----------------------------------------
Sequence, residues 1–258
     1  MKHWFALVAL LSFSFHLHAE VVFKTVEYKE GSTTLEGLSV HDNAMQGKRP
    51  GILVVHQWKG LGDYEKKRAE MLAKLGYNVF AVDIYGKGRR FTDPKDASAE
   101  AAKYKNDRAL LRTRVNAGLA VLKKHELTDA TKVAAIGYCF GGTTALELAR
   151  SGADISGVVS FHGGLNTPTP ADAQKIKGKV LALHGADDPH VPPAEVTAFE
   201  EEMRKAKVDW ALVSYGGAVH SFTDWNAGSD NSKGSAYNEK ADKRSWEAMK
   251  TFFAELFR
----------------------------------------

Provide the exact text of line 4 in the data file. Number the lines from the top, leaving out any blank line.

   101  AAKYKNDRAL LRTRVNAGLA VLKKHELTDA TKVAAIGYCF GGTTALELAR